Getting you to write out code on a whiteboard might seem slightly pointless at first, considering that you’re going to be using a computer for all of your coding. However, it tests how you write code without the safety net of an IDE, and also forces you to give reasoning about the code you’re using. This shows that you have a deeper understanding of the code beyond just what it looks like.
8. Do you have a sample of your code?
Most companies will ask you for a code sample if you’re applying for a programming role. Make sure that you submit this, or make it available online, in advance of your interview, so that the interviewer has enough time to look over it. Expect questions to be asked of your code, and understand that this isn’t necessarily because it is bad. Most of the time these questions will be asked simply to check your reasoning and make sure you understand the code you’re writing.
When you’re asked for a code sample, you need to ensure that you are actually allowed to share it. Normally, work you’ve done for a client at another company remains their intellectual property. This means that you cannot share it with another party, or risk being sued. However, if the code is publicly available, like an open-source app or a public website, then you can use this code as your sample. Using code from your own projects is also a good idea, as you own the code and it shows the interviewer that you have the drive to construct something in your own time.
Though we are expert IT recruiters, we aren’t expert coders or web developers. Books like Cracking the Coding Interview, which covers every kind of technical question you could run into, and sites like Interview Cake, are great resources for practicing questions before an interview.
9. The Curveball
The curveball is becoming a more and more popular tactic amongst interviewers. After companies like Apple and Google started to ask questions like “How many gas stations are there in America?” and “How many windows can I wash in a day?”, many started following in their footsteps by asking other odd, slightly off-putting questions. And of course, the point of these questions is to be odd and put the candidate off. They are meant to put you off your guard, just to see how you react to being surprised by such a question.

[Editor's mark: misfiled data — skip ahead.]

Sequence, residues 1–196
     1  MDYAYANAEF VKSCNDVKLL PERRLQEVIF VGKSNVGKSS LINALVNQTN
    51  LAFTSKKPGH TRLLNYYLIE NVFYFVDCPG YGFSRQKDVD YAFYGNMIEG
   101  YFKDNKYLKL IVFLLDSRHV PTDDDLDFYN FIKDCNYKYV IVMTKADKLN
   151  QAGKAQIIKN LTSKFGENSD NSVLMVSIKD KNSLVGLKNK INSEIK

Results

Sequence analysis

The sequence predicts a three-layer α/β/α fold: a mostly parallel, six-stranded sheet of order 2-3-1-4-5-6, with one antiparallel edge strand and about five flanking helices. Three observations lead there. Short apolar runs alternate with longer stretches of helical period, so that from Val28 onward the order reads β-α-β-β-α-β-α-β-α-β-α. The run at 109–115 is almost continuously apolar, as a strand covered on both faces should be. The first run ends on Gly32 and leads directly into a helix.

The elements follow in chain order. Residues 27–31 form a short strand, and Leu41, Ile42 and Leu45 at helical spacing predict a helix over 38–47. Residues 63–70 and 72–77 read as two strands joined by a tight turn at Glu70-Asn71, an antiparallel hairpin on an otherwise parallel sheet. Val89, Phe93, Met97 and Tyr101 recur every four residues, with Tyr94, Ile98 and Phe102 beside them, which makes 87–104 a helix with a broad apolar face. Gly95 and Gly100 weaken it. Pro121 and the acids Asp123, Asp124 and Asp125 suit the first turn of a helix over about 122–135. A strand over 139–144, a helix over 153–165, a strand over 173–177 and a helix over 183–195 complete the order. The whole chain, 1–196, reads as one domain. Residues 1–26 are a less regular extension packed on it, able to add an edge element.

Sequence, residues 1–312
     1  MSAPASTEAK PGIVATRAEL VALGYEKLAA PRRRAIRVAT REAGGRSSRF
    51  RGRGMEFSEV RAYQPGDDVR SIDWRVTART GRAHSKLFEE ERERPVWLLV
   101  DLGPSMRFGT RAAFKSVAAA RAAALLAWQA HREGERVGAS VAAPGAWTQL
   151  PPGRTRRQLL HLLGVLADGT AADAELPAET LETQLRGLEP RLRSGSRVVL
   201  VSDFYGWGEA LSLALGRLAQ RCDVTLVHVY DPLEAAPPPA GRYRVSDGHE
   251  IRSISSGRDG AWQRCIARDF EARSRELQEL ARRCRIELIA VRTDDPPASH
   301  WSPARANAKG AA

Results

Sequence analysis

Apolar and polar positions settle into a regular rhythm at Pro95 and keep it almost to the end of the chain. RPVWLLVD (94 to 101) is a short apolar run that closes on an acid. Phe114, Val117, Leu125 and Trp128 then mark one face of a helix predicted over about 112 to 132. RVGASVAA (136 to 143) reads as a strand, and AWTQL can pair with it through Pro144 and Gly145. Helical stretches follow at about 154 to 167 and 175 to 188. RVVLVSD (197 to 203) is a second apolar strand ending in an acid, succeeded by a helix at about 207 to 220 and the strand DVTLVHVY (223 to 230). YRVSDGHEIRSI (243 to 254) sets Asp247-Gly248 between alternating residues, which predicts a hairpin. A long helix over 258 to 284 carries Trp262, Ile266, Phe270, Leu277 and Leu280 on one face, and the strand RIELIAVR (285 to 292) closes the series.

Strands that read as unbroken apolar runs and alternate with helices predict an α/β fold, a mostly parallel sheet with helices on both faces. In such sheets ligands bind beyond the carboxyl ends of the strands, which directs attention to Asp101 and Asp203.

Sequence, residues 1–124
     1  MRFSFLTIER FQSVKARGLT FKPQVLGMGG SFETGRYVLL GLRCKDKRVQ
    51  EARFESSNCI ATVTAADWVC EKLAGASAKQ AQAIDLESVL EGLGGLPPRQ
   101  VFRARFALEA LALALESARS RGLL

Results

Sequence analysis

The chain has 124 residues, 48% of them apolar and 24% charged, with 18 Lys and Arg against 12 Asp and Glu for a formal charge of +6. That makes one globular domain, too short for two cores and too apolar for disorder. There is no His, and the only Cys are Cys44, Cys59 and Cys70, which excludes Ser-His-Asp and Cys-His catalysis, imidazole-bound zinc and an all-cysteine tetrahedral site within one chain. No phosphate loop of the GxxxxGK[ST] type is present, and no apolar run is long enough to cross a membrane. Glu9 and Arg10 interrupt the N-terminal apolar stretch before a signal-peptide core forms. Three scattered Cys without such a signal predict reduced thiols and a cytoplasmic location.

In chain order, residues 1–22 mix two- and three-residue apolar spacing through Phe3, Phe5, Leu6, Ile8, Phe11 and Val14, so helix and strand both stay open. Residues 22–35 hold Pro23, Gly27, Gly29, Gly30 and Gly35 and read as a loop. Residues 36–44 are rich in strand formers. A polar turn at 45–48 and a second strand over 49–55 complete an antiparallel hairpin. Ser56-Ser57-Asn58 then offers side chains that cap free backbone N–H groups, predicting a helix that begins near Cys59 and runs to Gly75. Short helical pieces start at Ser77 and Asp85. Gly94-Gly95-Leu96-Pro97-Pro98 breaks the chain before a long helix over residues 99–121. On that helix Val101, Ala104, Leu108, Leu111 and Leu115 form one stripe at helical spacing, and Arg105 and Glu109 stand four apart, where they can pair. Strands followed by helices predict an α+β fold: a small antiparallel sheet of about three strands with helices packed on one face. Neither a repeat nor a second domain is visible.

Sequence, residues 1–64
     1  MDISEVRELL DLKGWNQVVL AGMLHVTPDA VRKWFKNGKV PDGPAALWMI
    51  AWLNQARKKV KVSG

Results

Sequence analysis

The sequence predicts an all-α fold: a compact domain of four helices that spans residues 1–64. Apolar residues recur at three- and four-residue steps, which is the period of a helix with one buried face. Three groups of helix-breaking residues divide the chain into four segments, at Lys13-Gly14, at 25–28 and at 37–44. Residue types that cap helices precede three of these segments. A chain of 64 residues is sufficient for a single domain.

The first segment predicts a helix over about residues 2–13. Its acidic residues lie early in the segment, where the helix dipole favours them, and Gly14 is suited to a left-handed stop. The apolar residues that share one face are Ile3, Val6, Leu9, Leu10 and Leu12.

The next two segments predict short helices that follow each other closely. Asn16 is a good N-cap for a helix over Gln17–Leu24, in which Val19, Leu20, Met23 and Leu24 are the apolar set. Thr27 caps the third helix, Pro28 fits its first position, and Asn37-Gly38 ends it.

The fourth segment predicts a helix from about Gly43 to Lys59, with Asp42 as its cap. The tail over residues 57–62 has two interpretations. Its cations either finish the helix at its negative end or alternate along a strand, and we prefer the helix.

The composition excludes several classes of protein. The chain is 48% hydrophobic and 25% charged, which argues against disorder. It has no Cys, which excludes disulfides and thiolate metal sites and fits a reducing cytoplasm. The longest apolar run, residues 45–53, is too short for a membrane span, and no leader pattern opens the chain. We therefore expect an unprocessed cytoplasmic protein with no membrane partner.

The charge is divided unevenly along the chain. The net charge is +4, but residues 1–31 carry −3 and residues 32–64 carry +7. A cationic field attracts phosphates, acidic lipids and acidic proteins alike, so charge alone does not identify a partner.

When you’re asked a question like this, don’t be thrown. These questions are meant to test your creativity and ability to think on the spot. Being able to improvise and have a little fun with your answer can have a real positive impact on your prospects.
10. Do you have any questions?
This question is going to be asked in every interview, and it’s an opportunity many candidates don’t take advantage of. It’s your chance to show you’ve been paying attention by presenting thoughtful questions and showcasing any strengths that may have been missed, and it’s also an opportunity for you to interview the interviewer and make sure the role is right for you.
Guiding the conversation to the company again is another good move. Asking about the organisation’s long term plans, how any recent developments might change things, future projects, and about your own long-term career path with the company, will show that you’ve done your homework and that you’re looking further than the next paycheque, and will end the interview on a positive note.
With so many new job opportunities opening up already this year, we hope this guide helps you to get your job search off on the right foot, and walk into that interview more confident and ready to succeed. If you’re looking for more interview advice, or you’re looking for a new role in the Christchurch IT market, feel free to get in touch.